Increasingly obvious perils of government debt have given rise to public concern, and even alarm. Though some people argue the alarm is exaggerated, there is a growing segment of the population that is thinking long and hard about the future of our country in ways we have not seen before. In this article, I discuss the principled basis for practical solutions. In particular, I argue the principle of subsidiarity should be central in our deliberations as we forge ahead.
The Oxford English Dictionary defines subsidiarity as “the principle that a central authority should have a subsidiary function, performing only those tasks which cannot be performed effectively at a more immediate or local level.” One notes the variant “subsidiary” is used in the definition, hardly the proper way to define a term, but perhaps revelatory of the difficulty we have with a principle that is often lacking in serious deliberations of public life.
Everyone wants to be happy, but human flourishing can be hindered or helped by our social and economic structures. Some such arrangements are almost essential for happiness, but our understanding of what makes people happy has been obscured, and with it our understanding of what makes for sound economic policy.
So it is worth recalling that human beings truly flourish when their rights are protected, when they are allowed to think and worship freely, and when they can claim the fruit of their labor and direct it to the good of their families and communities.
These rights and freedoms, especially ownership of property, also serve as a check on selfishness. By rightly claiming as mine what I have earned, I also accept someone’s rightful claims to property and thus put a check on unjust selfish claims. Conflicts inevitably arise, but most people flourish when the state effectively adjudicates their disagreements and supports their needs without intruding into the decisions that are properly theirs.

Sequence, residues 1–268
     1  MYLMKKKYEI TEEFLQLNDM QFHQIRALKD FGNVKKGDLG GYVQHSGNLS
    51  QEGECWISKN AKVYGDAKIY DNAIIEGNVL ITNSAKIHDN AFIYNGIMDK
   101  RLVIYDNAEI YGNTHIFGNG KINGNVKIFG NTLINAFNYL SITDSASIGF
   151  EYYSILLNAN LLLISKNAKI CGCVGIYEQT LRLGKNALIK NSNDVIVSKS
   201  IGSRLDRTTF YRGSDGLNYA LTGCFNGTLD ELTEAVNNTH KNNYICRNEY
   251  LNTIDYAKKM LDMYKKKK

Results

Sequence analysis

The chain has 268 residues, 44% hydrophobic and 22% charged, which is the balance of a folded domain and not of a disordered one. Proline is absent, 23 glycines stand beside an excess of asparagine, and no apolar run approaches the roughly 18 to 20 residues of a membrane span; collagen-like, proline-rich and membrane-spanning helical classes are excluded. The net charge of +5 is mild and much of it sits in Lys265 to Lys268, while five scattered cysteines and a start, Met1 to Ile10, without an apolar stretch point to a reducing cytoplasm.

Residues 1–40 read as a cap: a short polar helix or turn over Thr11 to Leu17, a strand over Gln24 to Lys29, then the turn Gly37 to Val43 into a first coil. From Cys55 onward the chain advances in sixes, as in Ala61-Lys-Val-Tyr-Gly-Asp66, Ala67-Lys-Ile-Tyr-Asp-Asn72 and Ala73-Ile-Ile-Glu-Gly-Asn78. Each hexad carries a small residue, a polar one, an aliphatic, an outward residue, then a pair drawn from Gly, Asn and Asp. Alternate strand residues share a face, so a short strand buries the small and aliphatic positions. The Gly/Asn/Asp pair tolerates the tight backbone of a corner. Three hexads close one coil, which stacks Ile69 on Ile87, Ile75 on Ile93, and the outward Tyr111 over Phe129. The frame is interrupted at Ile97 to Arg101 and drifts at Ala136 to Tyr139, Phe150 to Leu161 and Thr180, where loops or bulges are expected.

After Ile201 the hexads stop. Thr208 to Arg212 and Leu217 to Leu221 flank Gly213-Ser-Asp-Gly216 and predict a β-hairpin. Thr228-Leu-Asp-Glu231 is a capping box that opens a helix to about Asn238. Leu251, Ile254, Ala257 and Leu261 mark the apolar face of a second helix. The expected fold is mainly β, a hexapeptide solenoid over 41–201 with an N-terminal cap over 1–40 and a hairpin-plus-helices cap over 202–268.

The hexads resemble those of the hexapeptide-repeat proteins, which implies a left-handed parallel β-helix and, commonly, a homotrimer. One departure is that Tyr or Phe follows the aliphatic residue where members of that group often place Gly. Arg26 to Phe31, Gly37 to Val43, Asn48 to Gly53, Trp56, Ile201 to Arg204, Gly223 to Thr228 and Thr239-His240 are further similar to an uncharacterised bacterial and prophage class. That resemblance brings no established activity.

In this regard, all the state is tasked to do—and it is a lot— is to support the more fundamental institutions of civil society. This is what the principle of subsidiarity entails: leaving people free to do good by leaving the decisions and choices to the smallest unit able to make them. To define subsidiarity another way, it is the expression of a working democracy, in which people have freedom and responsibility for their own lives. It recognizes that people will work hard and will do good most of the time, not just for themselves but for those close to them, provided they are not prevented from doing so or incentivized to do otherwise.
The state violates subsidiarity is when it takes on complex problems that smaller units can resolve on their own. This is a crucial shift and one that generally reflects an overly pessimistic view of human nature—that people don’t know what is good for them—and an overly optimistic view of the state and its ability to plan and execute.
In no area do people expect the state to apply the principle of subsidiarity more than in the regulation of commerce through fiscal and monetary policy: what to tax, how to tax, and how much and whom to tax, and how to control money. And whereas monetary and fiscal policy are intertwined, fiscal policies that lessen the tax burden generally support the individual, the family, business, and social organizations—and are therefore more aligned with the principle of subsidiarity.
The response to the European debt crisis has been described by some leading economists at a private meeting organized by the Witherspoon Institute recently as nothing more than giving more to drink to an alcoholic. There is no plan in place to break the habit. Thankfully, we in the United States can learn from Europe’s lessons and harness a popular movement to elect legislators who will bring change. But the change we need is a principled change. Yes, the state has developed too much control over the nation’s economic life and the more fundamental institutions, as General Motors and Citigroup help illustrate. But the way to bring about meaningful change is to demand that legislators embrace the principles of good government, subsidiarity chief among them. In fiscal policy, this comes down to cutting spending and reducing taxes.